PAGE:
(NaturalNews) Extreme is a good way to describe the diet that most people in America subsist on. Many people wouldn't look at the standard American diet, and call it extreme; many would just call it normal. But if you look at the diet close-up, we can see that it is pretty extreme, and certainly not healthy.
The Standard American Diet usually consists of a myriad of processed carbs (cereals, breads, pasta, cookies, cakes etc.), processed meat products, and a few fruits and veggies. What you eat is the foundation of your health – so what is in this diet?
This diet is high in many things, most of which your body doesn't really need. It is full of hydrogenated oil, high fructose corn syrup, phytic acid, acrylamide, sodium nitrate, monosodium glutamate (MSG) and lacking in basic essentials such as vitamins, minerals.
Hydrogenated oil causes a host of problems. It contributes to cancer, heart disease and obesity. A recent study showed that monkey fed these oils gained a significant amount of fat around the abdomen, even though they were not fed in such excess as to warrant fat gain. This is bad! Fat gain without consuming extra calories, and around the worst place on the body to gain it too, is one of the worst things for your health. We also know that trans fat boosts women's infertility by 70%, if you consume it for 2% of your total calories. For someone on a 2000 calories a day diet, that is only about 4 grams of fat. And 4 grams of fat is not a lot! You could get that much in one donut, or a small serving of fries.
High fructose corn syrup raises blood sugar levels quickly. There are links to the consumption of high fructose corn syrup to type II diabetes and heart disease. It provides no nutritional value, and is the ubiquitous sweetener for foods that are known as "empty calories."
Phytic acid has been proven to be an "anti-nutrient." It is in all grains, nuts and seeds that have not been soaked and dried first. If you are eating boxes of food that are grain based, not only are you eating something that has no nutrition, you are also eating something that will readily take nutrients from you.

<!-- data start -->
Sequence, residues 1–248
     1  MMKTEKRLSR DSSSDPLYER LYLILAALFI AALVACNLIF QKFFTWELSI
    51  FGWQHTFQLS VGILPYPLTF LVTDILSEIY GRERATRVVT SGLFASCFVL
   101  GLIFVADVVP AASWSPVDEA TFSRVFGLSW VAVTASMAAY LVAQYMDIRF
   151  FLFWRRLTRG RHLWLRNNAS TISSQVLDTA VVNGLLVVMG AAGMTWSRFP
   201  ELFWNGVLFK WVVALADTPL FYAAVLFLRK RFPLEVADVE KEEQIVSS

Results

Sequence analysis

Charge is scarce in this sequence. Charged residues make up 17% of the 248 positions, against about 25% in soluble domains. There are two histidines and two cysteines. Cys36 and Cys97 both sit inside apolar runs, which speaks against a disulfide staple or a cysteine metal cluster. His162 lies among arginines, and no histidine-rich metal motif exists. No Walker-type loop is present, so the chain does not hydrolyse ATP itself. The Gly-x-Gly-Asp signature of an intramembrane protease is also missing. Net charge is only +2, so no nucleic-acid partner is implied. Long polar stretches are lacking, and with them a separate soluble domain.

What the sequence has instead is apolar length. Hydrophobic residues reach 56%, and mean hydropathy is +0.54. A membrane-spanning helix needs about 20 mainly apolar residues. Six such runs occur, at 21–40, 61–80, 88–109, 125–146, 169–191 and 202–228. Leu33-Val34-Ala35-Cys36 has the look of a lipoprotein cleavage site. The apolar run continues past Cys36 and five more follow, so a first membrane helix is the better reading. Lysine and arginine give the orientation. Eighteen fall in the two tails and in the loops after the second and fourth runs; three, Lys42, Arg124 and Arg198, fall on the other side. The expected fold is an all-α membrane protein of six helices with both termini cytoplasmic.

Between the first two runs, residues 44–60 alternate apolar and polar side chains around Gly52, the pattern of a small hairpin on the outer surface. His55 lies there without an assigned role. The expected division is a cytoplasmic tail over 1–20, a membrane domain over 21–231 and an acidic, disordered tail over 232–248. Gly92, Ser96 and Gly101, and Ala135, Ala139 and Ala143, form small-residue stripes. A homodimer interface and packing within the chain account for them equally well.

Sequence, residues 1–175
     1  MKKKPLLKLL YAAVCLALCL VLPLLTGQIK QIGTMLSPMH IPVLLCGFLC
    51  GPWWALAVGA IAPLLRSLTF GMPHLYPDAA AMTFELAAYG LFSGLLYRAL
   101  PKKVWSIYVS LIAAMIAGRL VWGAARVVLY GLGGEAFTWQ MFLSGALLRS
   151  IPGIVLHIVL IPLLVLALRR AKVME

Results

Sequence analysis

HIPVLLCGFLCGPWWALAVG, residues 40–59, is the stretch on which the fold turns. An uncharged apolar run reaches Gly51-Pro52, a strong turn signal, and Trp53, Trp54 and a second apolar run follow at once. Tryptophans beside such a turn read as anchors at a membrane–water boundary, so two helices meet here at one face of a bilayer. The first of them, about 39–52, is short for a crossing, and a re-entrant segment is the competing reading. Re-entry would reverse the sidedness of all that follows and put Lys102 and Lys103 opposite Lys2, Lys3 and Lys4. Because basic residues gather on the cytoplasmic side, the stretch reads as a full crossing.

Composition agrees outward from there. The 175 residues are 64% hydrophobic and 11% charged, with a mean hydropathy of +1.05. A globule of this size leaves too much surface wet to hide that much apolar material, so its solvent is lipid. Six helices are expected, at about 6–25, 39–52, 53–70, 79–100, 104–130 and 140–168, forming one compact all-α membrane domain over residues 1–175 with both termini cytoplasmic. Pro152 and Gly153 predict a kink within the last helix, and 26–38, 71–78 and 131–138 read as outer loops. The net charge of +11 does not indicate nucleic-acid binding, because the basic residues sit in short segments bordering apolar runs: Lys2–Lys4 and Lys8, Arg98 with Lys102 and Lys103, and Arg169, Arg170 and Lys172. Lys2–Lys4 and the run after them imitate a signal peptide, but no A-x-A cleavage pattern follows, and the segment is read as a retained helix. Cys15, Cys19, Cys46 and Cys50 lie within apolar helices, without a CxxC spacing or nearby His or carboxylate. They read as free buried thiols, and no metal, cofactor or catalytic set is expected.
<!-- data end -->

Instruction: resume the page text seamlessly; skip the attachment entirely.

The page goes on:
If you eat anything with carbohydrates heated to a high temperature, you are eating acrylamide. The United States Environmental Protection Agency has stated that possible short-term effects of ingesting acrylamide are damage to the nervous system, weakness and incoordination in the legs. The possible long-term effects are damage to the nervous system, paralysis, and cancer. Acrylamide in fried or baked goods is produced by the reaction between asparagine and reducing sugars or reactive carbonyls. Browning during baking, frying or deep-frying or over-cooking of foods will produce acrylamides. Acrylamides can also be created during microwaving.
Sodium Nitrate NaNO2
Consumption of processed meats has been linked to cancer (colon, breast, prostate and pancreas). The Material Safety Data Sheet (MSDS) for sodium nitrate states that ingestion in the pure form could cause gastroenteritis and abdominal pains. Other symptoms may include dizziness, bloody diarrhea, convulsions, and collapse; and chronic exposure can cause methemoglobinemia. This happens in some individuals when bacteria in the stomach convert the nitrate to nitrite. Nausea, vomiting, dizziness, rapid heartbeat, irregular breathing, convulsions, coma, and death can occur should this conversion take place. If you truly don't want to give up your bacon, salami or whatever there is a way to fight the harm that sodium nitrate can inflict on your body. You have to consume large doses of vitamins C and E before you eat something with sodium nitrate in it. These wonderful vitamins inhibit the conversion of sodium nitrate to the carcinogenic form, nitrosamines.